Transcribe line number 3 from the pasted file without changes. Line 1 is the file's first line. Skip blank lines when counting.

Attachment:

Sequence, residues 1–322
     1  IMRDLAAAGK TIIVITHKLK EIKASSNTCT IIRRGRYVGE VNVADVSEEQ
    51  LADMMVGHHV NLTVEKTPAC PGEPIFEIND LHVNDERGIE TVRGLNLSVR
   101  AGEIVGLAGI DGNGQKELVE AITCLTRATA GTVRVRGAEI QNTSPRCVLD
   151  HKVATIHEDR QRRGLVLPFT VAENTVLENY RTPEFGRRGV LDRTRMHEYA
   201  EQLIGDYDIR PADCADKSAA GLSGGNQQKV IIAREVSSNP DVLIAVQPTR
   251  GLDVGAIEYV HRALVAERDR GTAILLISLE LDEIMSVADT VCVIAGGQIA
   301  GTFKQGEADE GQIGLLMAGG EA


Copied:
    51  LADMMVGHHV NLTVEKTPAC PGEPIFEIND LHVNDERGIE TVRGLNLSVR